- Business interest deduction: Effective for tax years beginning after Dec. 31, 2017, the amount allowed as a deduction for business interest may not exceed the sum of a taxpayer’s (A) business interest income and (B) 30 percent of its adjusted taxable income for the taxable year. The amount of any business interest not allowed as a deduction for any taxable year will be treated as business interest paid or accrued in the succeeding taxable year and can be carried forward indefinitely. The interest limitation rule will not apply to small businesses (less than $25 million in average gross receipts) and other specified business entities.
- International tax rules: If a corporation has in-bound or out-bound transactions with foreign related parties, consider the U.S. tax impact of the new international tax rules, especially the new base erosion regime.
- Repatriation: Effective for tax years beginning after Dec. 31, 2017, a territorial rather than worldwide system of taxation is implemented. Implementation requires in part a one-time transition tax on repatriation of previously deferred foreign earnings. The transition tax will apply to the last taxable year of certain specified foreign corporations which begins before Jan. 1, 2018. Repatriation rates will be 8 percent for foreign-earnings held in noncash assets and 15.5 percent for foreign-earnings held as cash. Taxpayers may elect to pay any resulting tax liability over an eight-year period. In addition, future foreign-source earnings would be permitted to be repatriated by U.S. corporate shareholders without additional U.S. taxes by permitting a 100 percent deduction for foreign-source dividends received.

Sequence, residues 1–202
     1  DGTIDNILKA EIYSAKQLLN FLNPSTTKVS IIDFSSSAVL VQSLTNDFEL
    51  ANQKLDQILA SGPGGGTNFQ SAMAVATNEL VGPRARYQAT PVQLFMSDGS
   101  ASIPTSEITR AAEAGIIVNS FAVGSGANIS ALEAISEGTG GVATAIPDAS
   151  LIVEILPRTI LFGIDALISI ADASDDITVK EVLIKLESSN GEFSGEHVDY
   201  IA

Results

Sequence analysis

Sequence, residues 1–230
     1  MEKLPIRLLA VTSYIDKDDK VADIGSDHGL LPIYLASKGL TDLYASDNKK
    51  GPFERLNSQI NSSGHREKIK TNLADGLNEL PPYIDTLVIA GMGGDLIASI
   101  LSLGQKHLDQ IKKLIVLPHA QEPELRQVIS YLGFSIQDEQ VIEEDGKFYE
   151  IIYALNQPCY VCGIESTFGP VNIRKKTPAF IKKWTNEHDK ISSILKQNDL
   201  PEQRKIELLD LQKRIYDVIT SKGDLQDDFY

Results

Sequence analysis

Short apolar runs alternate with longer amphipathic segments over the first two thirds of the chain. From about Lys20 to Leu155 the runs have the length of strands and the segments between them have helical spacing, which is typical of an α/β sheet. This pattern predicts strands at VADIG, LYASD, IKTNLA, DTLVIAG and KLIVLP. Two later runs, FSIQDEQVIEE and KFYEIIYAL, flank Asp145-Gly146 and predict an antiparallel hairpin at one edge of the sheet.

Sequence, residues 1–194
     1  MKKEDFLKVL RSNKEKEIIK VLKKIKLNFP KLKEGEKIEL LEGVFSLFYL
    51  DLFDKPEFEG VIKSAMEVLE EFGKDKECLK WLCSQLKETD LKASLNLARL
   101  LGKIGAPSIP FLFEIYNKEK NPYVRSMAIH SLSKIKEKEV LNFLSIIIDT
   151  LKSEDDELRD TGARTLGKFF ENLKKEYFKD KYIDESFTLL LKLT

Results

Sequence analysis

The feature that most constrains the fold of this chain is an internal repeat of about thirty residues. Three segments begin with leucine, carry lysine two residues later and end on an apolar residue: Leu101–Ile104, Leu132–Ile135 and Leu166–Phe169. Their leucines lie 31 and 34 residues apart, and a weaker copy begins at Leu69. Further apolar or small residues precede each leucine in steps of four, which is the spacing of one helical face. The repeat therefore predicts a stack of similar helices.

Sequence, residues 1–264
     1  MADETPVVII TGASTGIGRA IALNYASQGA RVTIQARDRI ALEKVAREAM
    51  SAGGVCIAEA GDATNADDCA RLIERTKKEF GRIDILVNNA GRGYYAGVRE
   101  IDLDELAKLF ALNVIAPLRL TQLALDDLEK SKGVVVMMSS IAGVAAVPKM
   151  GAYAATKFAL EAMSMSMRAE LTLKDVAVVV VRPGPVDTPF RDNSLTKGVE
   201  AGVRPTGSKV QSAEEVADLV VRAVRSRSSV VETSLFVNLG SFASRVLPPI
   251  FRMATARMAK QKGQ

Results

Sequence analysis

- Base erosion: A minimum tax (5 percent in 2018 and 10 percent in 2019) on large corporations ($500 million or more of average gross receipts) based in part on deductible payments made to related foreign persons is enacted to curtail base erosion.
- Note: Many of the international provisions are highly complex in nature. Please consult your tax advisor to understand the impact on your organization. You can also reference our article, U.S. international tax reform: the new global tax landscape, for more information on how U.S. multinationals will be affected.
- Qualified assets: Full (100 percent) expensing is permitted for qualified property placed in service after Sept. 27, 2017, including used property. The full expensing rule is subject to a sliding phase-out schedule. This provision could affect 2017 tax provisions. Track qualified assets placed into service after Sept. 27, 2017, as they qualify for 100 percent bonus depreciation in 2017.
- Gross income: Effective for tax years beginning after Dec. 31, 2017, the all events test with respect to any item of gross income will not be treated as met any later than the tax year in which that item is taken into account as revenue in an applicable financial statement or other financial statement specified by the IRS. An exception would apply for any item of income for which a special method of accounting is used. In addition, the principles of Rev. Proc. 2003-34 will be codified. Rev. Proc. 2003-34 permits taxpayers to defer gross income inclusion of certain advance payments for goods and services until the end of the tax year following the year of receipt if such income is also deferred for financial statement purposes.
Consider your full picture
Aside from the new 21 percent flat corporate tax rate, carefully consider all of the business related provisions which will impact your organization’s effective tax rate. Examples include the proposed limitation or disallowance of many deductions, such as the repeal of domestic production activities deduction and elimination of most entertainment related expenses. In addition, many other provisions will be of a temporary nature and will affect the carrying value of deferred tax assets and liabilities. Also consider whether your deferred tax assets will ultimately be realizable.
The date that the President is expected to sign the legislation is not yet known. Whether the legislation is signed in 2017 or 2018 it will likely impact most corporate financial statements. You should discuss the impact of the legislation on your financial statements with your tax and accounting advisors as soon as possible and begin planning your new tax strategies immediately.